Syrian activists say at least 160 fighters from both sides have been killed in a two-day battle on the outskirts of Damascus.
The BBC reports that it began when rebel units attacked a string of military checkpoints encircling the opposition-held suburbs in an area known as Eastern Ghouta, which has been under siege for more than six months.
Aid workers say that forces loyal to President Bashar al-Assad appeared to be trying to starve out residents - indiscriminately affecting civilians as much as rebel fighters.
Reuters reports that the blockade has cut off rebels' weapons supplies and helped turn the tide of fighting around the capital in Assad's favour.
The battle has also drawn in hundreds of foreign fighters on both sides.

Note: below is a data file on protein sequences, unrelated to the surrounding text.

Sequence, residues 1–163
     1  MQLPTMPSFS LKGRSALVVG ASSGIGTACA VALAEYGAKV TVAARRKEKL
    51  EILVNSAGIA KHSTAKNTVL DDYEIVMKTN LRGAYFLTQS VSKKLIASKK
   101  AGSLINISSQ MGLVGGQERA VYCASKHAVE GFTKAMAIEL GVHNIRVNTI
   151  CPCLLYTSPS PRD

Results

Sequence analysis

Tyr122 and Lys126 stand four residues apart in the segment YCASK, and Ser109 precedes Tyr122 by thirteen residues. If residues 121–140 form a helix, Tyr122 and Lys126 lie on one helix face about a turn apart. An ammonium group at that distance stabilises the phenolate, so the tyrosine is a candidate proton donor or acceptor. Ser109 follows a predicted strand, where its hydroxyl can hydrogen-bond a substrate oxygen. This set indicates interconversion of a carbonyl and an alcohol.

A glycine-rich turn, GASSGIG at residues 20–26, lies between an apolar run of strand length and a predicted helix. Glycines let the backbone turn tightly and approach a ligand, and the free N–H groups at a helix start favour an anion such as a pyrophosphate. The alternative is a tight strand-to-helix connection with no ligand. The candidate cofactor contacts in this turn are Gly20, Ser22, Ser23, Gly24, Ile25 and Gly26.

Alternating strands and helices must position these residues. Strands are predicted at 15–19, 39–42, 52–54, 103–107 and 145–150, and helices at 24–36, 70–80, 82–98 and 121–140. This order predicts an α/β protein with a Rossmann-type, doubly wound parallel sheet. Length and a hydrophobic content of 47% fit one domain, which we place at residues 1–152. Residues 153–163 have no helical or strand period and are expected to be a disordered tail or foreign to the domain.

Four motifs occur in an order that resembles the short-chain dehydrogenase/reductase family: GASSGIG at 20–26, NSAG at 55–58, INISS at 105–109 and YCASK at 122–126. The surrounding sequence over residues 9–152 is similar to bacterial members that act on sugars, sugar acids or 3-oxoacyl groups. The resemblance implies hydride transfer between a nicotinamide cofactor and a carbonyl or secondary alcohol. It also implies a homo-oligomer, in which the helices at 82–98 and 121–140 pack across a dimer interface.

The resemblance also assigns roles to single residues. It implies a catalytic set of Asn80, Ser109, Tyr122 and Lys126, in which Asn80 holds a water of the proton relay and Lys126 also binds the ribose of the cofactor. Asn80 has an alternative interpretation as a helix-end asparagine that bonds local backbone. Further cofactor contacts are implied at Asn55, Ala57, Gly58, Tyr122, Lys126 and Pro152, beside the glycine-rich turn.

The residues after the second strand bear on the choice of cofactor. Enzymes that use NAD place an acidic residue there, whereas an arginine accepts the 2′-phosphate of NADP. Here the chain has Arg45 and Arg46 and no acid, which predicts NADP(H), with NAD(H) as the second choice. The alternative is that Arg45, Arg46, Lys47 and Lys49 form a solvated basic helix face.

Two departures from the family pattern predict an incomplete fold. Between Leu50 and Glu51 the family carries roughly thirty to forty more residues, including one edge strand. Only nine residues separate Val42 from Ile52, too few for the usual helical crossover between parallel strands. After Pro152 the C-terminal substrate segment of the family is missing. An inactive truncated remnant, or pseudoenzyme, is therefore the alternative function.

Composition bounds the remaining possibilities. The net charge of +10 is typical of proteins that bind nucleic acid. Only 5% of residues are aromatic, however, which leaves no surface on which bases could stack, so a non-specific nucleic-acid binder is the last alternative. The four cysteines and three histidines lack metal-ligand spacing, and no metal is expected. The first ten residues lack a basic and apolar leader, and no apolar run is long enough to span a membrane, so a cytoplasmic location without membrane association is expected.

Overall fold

"It is a ferocious fight between the two sides because it's a struggle over our ultimate fate here," said Bara Abdelrahman, a media activist with the rebel Islam Army brigades in the area.
The conflict in Syria has killed more than 100,000 people, according to the United Nations, and is also destabilising Syria's neighbours.
Foreign powers are trying to bring the warring sides together for a peace conference in Switzerland before the end of the year.
On Sunday, Syria's peace envoy Lakhdar Brahimi met members of the opposition to discuss the talks, which many rebel groups have rejected without a clear guarantee that Assad will step down.
Mr Assad's government says it welcomes talks but will not accept any preconditions.